Intel launched new six-core server microprocessors today, hoping to widen the performance gap with rival Advanced Micro Devices and help corporations with ever-increasing Internet-related processing chores.
More than 50 server makers are launching new models of servers with the Intel chips today. Those models range from four-socket machines to 16-socket machines. Each socket can hold a six-core chip, known formally as Intel’s Xeon 7400 series processors and previously code-named Dunnington.
Tom Kilroy, general manager of Intel’s Digital Enterprise Group, said that the new chips deliver 50 percent better performance and 10 percent lower power consumption than the previous line of Xeon 7300 series chips. He spoke at a press conference in San Francisco. The event was attended by server makers and customers from big companies such as Oracle, MySpace, Verisign and Yahoo.
The chips are aimed at enabling big companies to deal with growing Internet traffic. Richard Buckingham, MySpace director of system engineering, said that the company has more than 12,000 servers that must be updated every couple of years to keep up with growing traffic requirements. Power-efficiency and more performance per power consumed are key concerns in adding new equipment, he said.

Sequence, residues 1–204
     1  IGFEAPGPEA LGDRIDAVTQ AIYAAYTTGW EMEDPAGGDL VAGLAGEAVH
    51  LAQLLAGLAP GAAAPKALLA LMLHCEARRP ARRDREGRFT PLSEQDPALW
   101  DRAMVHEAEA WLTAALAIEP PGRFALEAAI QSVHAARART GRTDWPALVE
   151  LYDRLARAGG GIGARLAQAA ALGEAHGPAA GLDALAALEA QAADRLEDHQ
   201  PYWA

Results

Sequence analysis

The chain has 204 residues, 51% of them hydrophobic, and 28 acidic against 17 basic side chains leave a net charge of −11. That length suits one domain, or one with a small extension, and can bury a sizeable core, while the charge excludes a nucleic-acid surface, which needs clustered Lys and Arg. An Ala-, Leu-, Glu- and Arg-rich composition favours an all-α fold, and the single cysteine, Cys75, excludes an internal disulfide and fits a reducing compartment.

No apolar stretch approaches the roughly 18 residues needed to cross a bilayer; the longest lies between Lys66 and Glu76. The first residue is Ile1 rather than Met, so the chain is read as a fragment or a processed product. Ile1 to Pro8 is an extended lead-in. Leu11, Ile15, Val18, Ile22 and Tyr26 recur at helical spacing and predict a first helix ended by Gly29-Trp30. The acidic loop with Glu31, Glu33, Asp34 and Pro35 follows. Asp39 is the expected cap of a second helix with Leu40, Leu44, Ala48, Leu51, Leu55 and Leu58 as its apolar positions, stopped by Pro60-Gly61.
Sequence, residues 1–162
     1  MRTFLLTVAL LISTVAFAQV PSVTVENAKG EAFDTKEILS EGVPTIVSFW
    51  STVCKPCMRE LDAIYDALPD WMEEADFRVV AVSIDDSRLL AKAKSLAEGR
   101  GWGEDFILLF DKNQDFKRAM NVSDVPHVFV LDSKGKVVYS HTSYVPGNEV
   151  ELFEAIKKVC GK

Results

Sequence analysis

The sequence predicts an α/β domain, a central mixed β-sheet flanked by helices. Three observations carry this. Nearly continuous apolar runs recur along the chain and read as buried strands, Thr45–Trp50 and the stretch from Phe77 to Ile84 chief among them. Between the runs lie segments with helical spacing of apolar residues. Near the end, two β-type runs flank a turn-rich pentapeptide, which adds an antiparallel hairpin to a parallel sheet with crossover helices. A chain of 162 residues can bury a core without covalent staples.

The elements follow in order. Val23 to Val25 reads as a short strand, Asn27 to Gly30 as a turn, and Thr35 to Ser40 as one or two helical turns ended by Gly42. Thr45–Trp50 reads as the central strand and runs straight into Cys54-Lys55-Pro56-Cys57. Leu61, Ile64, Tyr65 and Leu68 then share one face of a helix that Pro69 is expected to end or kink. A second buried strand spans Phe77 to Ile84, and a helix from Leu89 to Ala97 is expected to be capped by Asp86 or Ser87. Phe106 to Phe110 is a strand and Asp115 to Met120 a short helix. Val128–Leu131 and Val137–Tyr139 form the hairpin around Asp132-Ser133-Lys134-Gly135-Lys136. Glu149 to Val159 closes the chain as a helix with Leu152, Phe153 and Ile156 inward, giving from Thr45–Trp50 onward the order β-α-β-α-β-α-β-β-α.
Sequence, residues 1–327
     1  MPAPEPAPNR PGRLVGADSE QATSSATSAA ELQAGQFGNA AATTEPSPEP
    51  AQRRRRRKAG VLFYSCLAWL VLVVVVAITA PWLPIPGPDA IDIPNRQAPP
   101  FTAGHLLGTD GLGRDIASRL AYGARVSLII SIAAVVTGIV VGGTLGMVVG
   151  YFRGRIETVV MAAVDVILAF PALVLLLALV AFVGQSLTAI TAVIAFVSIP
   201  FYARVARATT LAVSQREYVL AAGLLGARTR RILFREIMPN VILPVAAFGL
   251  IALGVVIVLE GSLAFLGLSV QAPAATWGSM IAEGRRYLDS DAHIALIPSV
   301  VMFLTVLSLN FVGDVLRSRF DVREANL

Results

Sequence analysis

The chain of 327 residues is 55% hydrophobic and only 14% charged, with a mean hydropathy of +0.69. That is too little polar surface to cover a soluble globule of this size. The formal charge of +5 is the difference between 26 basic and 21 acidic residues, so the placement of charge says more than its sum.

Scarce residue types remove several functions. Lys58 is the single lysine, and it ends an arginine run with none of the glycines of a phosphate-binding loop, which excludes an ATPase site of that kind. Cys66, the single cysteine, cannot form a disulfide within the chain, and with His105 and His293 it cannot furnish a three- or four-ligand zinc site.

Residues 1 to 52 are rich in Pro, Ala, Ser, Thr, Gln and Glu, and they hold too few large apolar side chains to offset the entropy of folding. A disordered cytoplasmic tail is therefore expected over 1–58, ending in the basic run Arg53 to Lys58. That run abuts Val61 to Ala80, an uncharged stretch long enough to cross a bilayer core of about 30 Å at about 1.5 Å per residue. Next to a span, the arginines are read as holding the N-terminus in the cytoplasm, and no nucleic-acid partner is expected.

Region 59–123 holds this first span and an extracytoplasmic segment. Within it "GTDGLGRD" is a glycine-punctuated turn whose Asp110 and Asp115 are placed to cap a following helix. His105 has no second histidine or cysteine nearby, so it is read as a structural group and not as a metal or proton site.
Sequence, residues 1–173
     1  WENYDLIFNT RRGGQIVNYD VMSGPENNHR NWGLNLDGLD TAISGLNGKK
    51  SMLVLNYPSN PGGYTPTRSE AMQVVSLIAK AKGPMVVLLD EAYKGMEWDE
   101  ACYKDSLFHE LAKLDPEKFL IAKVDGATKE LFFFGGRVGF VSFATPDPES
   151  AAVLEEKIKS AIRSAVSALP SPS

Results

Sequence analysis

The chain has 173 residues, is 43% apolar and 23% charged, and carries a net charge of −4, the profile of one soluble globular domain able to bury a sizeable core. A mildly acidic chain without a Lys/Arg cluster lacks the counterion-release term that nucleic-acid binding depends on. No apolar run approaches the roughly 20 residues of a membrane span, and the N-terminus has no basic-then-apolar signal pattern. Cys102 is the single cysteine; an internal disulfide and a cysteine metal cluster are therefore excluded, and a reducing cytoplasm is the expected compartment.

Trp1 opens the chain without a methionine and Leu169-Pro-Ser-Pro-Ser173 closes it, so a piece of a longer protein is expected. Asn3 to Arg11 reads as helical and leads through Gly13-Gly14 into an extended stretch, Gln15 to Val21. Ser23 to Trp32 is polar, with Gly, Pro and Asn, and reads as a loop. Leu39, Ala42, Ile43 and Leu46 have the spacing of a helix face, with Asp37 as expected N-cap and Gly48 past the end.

The Intel chips are based on 45-nanometer manufacturing technology that Intel has been shipping for some time. The introduction shows that the world’s biggest chip maker still has an advantage over AMD in server chips. AMD’s server market share hit its peak in 2006, but ever since then Intel has become more competititive and now has about 90 percent of the server chip market, according to International Data Corp.
Kilroy said the new chips can run software anywhere from 14 percent to 48 percent faster than the previous Xeon chips. Buckingham of MySpace said that the company would likely adopt the new chips and that would enable it to tackle future processing tasks such as letting users play and share high-definition videos.